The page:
What Is the Difference Between Task and Activity in Project Management?

From a Project Management perspective, a better title for this article would be: is there a difference between tasks and activities?. This is because Project Managers are divided on the subject: some say that a task is exactly the same thing as an activity, others say that a task is a work package that may include one or more activities, and finally, to make things more confusing, another group of Project Managers believes that the previous statement is only true when inverted: an activity is a work package that may include one ore more tasks. So who is right?

In order to answer this question, let us examine the following:

  • The PMBOK, considered by many as the final word when it comes to defining Project Management and its terms, is also divided on the subject. In the PMBOK version 3, task and activity do not mean the same thing. However, in the PMBOK version 4, the term task is not defined. Activity is defined as a work package (the lowest level WBS activity).
  • As stated earlier, some Project Managers believe that a task is a work package, and may comprise (or may decomposed into) one or more activities. Their supporting argument is that a task clearly has a starting date and an ending date by definition, while an activity is vague from that perspective.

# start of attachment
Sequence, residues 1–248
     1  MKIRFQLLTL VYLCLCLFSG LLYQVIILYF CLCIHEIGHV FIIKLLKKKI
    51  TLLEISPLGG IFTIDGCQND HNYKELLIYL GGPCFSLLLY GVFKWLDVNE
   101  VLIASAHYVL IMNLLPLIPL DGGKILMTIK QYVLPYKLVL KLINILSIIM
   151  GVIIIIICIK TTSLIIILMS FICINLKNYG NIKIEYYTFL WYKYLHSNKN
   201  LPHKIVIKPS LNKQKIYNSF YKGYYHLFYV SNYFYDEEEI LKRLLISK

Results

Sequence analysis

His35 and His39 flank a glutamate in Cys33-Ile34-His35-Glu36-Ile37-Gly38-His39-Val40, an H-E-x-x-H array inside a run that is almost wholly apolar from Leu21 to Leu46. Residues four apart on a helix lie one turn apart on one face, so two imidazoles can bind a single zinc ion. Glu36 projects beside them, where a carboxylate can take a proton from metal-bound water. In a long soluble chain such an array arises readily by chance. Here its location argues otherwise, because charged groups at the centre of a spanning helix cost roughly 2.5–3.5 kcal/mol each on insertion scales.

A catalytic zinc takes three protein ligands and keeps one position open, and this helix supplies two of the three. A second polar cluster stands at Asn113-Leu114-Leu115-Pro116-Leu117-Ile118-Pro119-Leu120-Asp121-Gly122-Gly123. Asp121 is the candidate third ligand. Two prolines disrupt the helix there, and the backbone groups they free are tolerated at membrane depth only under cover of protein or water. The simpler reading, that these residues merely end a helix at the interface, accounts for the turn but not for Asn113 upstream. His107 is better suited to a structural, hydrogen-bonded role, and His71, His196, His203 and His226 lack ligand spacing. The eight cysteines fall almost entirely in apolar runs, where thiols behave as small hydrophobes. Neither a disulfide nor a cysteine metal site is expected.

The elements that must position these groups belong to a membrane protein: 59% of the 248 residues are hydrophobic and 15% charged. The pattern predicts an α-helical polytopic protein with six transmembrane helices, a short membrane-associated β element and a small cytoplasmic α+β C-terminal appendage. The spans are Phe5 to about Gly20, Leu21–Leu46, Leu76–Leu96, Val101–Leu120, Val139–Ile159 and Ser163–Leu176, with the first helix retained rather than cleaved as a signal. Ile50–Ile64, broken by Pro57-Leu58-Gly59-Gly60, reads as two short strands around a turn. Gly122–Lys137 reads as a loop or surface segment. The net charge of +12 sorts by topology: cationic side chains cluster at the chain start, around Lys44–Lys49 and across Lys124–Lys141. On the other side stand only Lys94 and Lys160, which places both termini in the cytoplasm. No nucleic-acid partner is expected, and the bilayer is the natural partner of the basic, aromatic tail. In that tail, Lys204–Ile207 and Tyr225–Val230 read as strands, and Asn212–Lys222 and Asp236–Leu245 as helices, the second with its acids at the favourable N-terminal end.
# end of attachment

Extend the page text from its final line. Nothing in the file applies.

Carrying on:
• It is unknown why there’s another group of Project Managers thinking that an activity is a work package that can be split into more tasks. This definition is the weakest as it has no logical grounds.

What Should I Do?

As one can see from the above, there are 3 different opinions and there’s definitely no consensus. However it seems that the PMI (who, again, has a huge say when it comes to Project Management) has moved towards unifying the meaning (again, from a Project Management perspective) by solely using activity to denote a work package. Having said that, it is important to note that it’s not a case of who’s right and wrong, and the best thing a Project Manager can do is to follow the standards of his company for the for the proper usage of Project Management terms, and if there are no standards set, then he can set his own. In that case, probably a good idea would be to use these terms interchangeably, along with job and operation, which also mean the same thing.

© 2010 Project Management Learning – Reproduction of this material is strictly prohibited without the written consent of Project Management Learning.


Leave a Comment

(required)

(required)

Formatting Your Comment

The following XHTML tags are available for use:

<a href="" title=""> <abbr title=""> <acronym title=""> <b> <blockquote cite=""> <cite> <code> <del datetime=""> <em> <i> <q cite=""> <strike> <strong>

URLs are automatically converted to hyperlinks.